# chemical equations 1 yr 10 mocks

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• Created by: tia5303
• Created on: 15-07-20 16:38
• chemical equations
• on way to show a chemical reaction is to write a word equation.
• however its not as useful as using chemical symbols because you cant tell straight away what's happened to each of the atoms. It's easy.
• heres an example - methane burns oxygen giving carbon dioxide and water:
• the molecules on the left hand side of the equation are called reactants.
• methane + oxygen ---> carbon dioxide+ water
• the molecules on the right hand side are called the products
• methane + oxygen ---> carbon dioxide+ water
• the molecules on the right hand side are called the products
• symbol equations
• need to be balanced !!!
• there must always be the same number of atoms on both sides of the equation
• you balance the equation by putting numbers in front of the formulas where needed.
• need to be balanced !!!
• there must always be the same number of atoms on both sides of the equation
• you balance the equation by putting numbers in front of the formulas where needed.
• take this equation for reacting sulfuric acid with sodium hydroxide:
• H SO + NaOH -----> Na SO + H O
• the formulas are all correct but the number of atoms don't match up on both sides
• you cant change formulas like H  SO  to H  SO
• you can only put numbers in front of them
• you cant change formulas like H  SO  to H  SO
• you can only put numbers in front of them
• take this equation for reacting sulfuric acid with sodium hydroxide:
• H SO + NaOH -----> Na SO + H O
• the formulas are all correct but the number of atoms don't match up on both sides
• steps to balancing a symbol equation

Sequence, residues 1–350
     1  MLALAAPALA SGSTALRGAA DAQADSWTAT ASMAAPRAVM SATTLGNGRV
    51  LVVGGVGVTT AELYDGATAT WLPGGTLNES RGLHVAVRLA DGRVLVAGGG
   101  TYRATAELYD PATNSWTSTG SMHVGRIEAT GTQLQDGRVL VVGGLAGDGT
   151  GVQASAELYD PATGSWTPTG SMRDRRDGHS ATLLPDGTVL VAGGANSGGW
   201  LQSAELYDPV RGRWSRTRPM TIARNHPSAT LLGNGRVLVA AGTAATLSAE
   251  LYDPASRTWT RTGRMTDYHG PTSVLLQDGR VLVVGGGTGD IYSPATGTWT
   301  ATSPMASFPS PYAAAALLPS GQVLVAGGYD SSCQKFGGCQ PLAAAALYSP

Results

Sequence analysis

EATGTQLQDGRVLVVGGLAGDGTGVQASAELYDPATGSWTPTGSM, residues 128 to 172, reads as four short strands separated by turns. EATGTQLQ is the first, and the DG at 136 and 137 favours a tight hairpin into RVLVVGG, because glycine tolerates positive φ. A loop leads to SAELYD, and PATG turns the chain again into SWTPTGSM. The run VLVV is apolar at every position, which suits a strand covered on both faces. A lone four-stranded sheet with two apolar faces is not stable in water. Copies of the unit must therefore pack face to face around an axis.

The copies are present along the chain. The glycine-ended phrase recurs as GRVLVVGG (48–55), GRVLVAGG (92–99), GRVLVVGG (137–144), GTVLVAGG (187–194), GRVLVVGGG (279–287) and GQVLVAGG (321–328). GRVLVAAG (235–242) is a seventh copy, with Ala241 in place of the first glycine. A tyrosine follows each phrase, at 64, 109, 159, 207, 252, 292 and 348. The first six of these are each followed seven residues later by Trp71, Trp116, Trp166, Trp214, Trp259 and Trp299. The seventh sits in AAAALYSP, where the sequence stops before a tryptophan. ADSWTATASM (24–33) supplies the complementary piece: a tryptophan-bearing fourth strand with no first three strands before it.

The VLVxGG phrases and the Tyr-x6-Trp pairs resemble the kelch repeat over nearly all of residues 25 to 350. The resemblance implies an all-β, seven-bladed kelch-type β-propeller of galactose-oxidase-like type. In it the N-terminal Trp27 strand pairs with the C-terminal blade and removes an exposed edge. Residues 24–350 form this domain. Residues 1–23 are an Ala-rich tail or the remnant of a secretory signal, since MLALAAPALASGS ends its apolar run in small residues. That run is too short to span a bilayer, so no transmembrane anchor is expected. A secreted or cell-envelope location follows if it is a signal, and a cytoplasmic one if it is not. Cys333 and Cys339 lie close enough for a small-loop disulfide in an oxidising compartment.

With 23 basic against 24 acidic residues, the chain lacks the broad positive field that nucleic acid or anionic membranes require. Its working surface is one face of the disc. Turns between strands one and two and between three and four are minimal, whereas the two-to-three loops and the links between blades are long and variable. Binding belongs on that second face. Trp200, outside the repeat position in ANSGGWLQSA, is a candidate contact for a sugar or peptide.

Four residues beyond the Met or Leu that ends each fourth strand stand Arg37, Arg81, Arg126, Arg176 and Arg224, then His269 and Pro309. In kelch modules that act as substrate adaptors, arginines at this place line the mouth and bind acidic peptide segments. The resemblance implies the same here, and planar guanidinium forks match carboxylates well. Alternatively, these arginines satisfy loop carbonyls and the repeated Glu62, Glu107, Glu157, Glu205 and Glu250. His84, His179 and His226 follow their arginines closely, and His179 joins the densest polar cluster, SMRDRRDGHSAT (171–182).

• 1) find an element that doesn't balance and pencil in a number to try and sort it out.
• 2) see where that gets you. It may create another imbalance, if so, pencil in another number and see where it gets you.
• 3) carry n chasing unbalanced elements and the equation will sort itself out in no time
• example below:
• state symbols tell you the state of a substance in an equation
• symbol equations can also include state symbols next to each substance
• they tell you what physical state the reactants and products are in
• (s) - solid
• (l) - liquid
• (g) - gas
• (aq) - aqueous
• ionic equations show the useful bits of reactions
• in an ionic equation only the reacting particles ( and the products they form) are included
• to write an ionic equation you have to look at the reactants and products.
• anything that's exactly the same on both sides of the equation can be left out.
• example:
• half equations show the movement of electrons
• half equations show how electrons are transferred during reactions.
• e- stands for one electron
• you cant write half equations for all chemical reactions - only the ones where oxidation or reduction happen.
• examples:
• you cant write half equations for all chemical reactions - only the ones where oxidation or reduction happen.
• you can combine half equations to create full ionic equations
• full equations never contain electrons - the electrons in the reactants and products should cancel out
• so in the sodium/hydrogen example (highlighted pink), the full ionic equation would be : 2Na + 2H  --> 2Na  + H